…but we
as children of mothers,
even when mothers ourselves,

cannot bear our poems
to them.

–Erin Belieu,
“Another Poem for Mothers”


“Elegy for a Mother, Still Living” by Elana Bell

“Cultiver Son Potager / Growing Vegetables” by Dara Barnat; translated by Sabine Huynh

“Prayers Like Shoes” by Ruth Forman

“We Speak of August” by Valentina Gnup

State of Grace: The Joshua Elegies by Alexis Rhone Fancher

“A Poem for Women Who Don’t Want Children” by Chanel Brenner

“Baby” by Jaimie Gusman

“Psalm to Be Read While My Daughter Considers Mary” by Nicole Rollender

Hemisphere by Ellen Hagan

“Labor Pantoum” by Leslie Contreras Schwartz

“Depression” by Terri Kirby Erickson

“Dinner for the Dying” by Jen Lambert

Decency by Marcela Sulak

Little Spells by Jennifer K. Sweeney

“The Invention of Amniocentesis” by Jen Karetnick

“The Sadness of Young Mothers” by Richard D’Abate

“Mom’s Cocks” by Jenna Le

“The Balance” by Danusha Laméris

“The Committee Weighs In” by Andrea Cohen

“Mother-In-Law” by Nicole Stellon O’Donnell

“Change of Address” by Ruth Deborah Rey

Want to read more Mother’s Day poems?
Mother’s Day poetry from the Academy of American Poets
Poetry about mothers from the Academy of American Poets


Jen Karetnick Head Shot

By Jen Karetnick:


phone calls from patients, their parents or partners,
repeating what he has already said half-a-dozen times

in the office—“I know the auras are uncomfortable,
but they’re better than grand mal seizures, and that’s

what the meds will help to prevent”— and dispensing
predictions no one wants to hear—“No, I don’t think

he’ll come home; the stroke was catastrophic”—but
are asked for over and over in the hopes they will change,

while I shush the kids in the backseat, stop them from shouting
with too much apparent joy in their voices, keep the radio

playing Lady Gaga’s “Telephone” turned down. Soon
we will dissect the Seder plate, digest the bitter

herbs, finger the salt dried on the easily torn skin
of faith. We will recite the plagues: boils, murrain,

the lice we have been visited by several times this year.
On this night, we will open the door for a rogue spirit

who might drink our wine but not heal vertigo; on this night
we will recline on a pillow that can’t fuse a broken

spine. On this night, the cell phone chirps and sings,
and there are no miracles beyond what can be doctored.


Mother, in your womb I am an experiment.
You pass on not immunity but its silvery underside,
give permission for the needle like an arrow to
birth holes in this temporary home, sip the fluid
like a taster of fine wines without the benefit of
a visible image. No bigger than a black widow
spider, the doctors must guess where I am,
and agree there is nothing to be done.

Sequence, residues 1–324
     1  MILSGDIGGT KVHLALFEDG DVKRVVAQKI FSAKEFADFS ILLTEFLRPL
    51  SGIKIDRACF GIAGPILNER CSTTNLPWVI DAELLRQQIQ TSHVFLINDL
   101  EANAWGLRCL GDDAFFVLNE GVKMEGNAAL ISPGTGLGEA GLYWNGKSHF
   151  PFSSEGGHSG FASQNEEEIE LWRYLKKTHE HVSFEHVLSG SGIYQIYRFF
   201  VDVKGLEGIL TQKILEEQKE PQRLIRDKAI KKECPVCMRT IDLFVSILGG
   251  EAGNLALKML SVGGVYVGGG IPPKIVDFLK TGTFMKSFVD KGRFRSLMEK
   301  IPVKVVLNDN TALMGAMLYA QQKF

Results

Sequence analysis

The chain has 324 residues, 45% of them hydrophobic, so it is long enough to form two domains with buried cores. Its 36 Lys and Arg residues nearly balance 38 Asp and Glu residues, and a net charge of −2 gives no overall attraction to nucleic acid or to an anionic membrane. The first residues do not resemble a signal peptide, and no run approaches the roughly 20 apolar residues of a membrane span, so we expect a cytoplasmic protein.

I am poison to both of us. Unsafe
harbor, you insist on mooring me to
your designated slip, tossed by rash after
rash of storms. I will remove myself early. Still ill,
of course you will not care for me right away. Of all the
eggs you might have nourished, I am the one who breaks you.


Stamina. From the Latin stamen,
meaning thread of woven cloth. Plant parts
resemble the warp and woof, but old farts?
The boost was designed for the impotent,
not the young at heart. They can’t afford
to see the blue of detached retinas
when the sky has already claimed those hues
and the days for viewing them are numbered.
How ‘bout a pill to make them remember
to take out the garbage or mow the lawn?
One to defoliate the nose hairs grown?
Or better: to spark conversational vigor.
No chance of that? Then don’t bring it on.
This is the last thing, the last thing we want.

“On the Way to Seder, My Husband Answers” was previously published in The Healing Muse. Today’s poems are from the forthcoming collection American Sentencing (Winter Goose Publishing), and appear here today with permission from the poet.

Jen Karetnick is the author/co-author/editor of 14 books, two of them forthcoming: American Sentencing (poetry, Winter Goose Publishing) and The Treasures That Prevail (poetry, Whitepoint Press). In addition to poetry, she writes lifestyle books, the most recent of which is the cookbook Mango (University Press of Florida, 2014). Her poems, prose and playwriting have been widely published in literary and commercial outlets including, Cimarron Review, december, Miami Herald, North American Review, Poet’s Market 2013, Poets & Writers,, River Styx, Spillway,, Valparaiso Poetry Review and Virgin Atlantic Airlines. Based in Miami with her husband, two teenagers, various rescue pets and 14 mango trees, she works as the Creative Writing Director for Miami Arts Charter School and as the dining critic for MIAMI Magazine.

Editor’s Note: Jen Karetnick expertly catalogues the vast and startling spectrum of life, from the mundane to the monumental, from humor to horror. Amidst the stories that unfold are stunning and heartbreaking moments of lyric: “Soon we will dissect the Seder plate, digest the bitter // herbs, finger the salt dried on the easily torn skin / of faith;” “Of all the / eggs you might have nourished, I am the one who breaks you.” And that beauty is balanced by the hilarious and the absurd. Of viagra, a group of women posit, “How ‘bout a pill to make them remember / to take out the garbage or mow the lawn? / One to defoliate the nose hairs grown? / Or better: to spark conversational vigor. / No chance of that? Then don’t bring it on. / This is the last thing, the last thing we want.”

Want more from Jen Karetnick?
Read poems from Brie Season
Buy Brie Season on Amazon
Buy Prayer of Confession from Finishing Line Press
Buy Landscaping for Wildlife from Big Wonderful Press
Read more of Jen Karetnick’s poems and prose